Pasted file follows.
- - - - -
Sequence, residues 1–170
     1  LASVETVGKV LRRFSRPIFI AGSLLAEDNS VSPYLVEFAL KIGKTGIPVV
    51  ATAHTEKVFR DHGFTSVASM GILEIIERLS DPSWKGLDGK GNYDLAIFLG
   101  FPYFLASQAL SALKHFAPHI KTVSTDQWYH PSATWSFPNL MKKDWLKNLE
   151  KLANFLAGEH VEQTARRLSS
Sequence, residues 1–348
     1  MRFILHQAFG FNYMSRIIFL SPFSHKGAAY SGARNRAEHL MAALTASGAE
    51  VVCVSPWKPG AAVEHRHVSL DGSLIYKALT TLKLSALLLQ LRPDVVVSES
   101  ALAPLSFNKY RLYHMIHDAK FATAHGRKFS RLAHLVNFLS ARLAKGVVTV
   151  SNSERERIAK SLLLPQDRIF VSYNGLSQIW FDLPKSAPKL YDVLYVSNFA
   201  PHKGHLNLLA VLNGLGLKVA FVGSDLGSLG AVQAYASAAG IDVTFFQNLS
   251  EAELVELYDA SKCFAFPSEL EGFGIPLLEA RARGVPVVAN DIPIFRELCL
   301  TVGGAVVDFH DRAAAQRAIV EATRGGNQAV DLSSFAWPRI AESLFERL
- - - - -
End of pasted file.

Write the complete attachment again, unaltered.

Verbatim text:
Sequence, residues 1–170
     1  LASVETVGKV LRRFSRPIFI AGSLLAEDNS VSPYLVEFAL KIGKTGIPVV
    51  ATAHTEKVFR DHGFTSVASM GILEIIERLS DPSWKGLDGK GNYDLAIFLG
   101  FPYFLASQAL SALKHFAPHI KTVSTDQWYH PSATWSFPNL MKKDWLKNLE
   151  KLANFLAGEH VEQTARRLSS
Sequence, residues 1–348
     1  MRFILHQAFG FNYMSRIIFL SPFSHKGAAY SGARNRAEHL MAALTASGAE
    51  VVCVSPWKPG AAVEHRHVSL DGSLIYKALT TLKLSALLLQ LRPDVVVSES
   101  ALAPLSFNKY RLYHMIHDAK FATAHGRKFS RLAHLVNFLS ARLAKGVVTV
   151  SNSERERIAK SLLLPQDRIF VSYNGLSQIW FDLPKSAPKL YDVLYVSNFA
   201  PHKGHLNLLA VLNGLGLKVA FVGSDLGSLG AVQAYASAAG IDVTFFQNLS
   251  EAELVELYDA SKCFAFPSEL EGFGIPLLEA RARGVPVVAN DIPIFRELCL
   301  TVGGAVVDFH DRAAAQRAIV EATRGGNQAV DLSSFAWPRI AESLFERL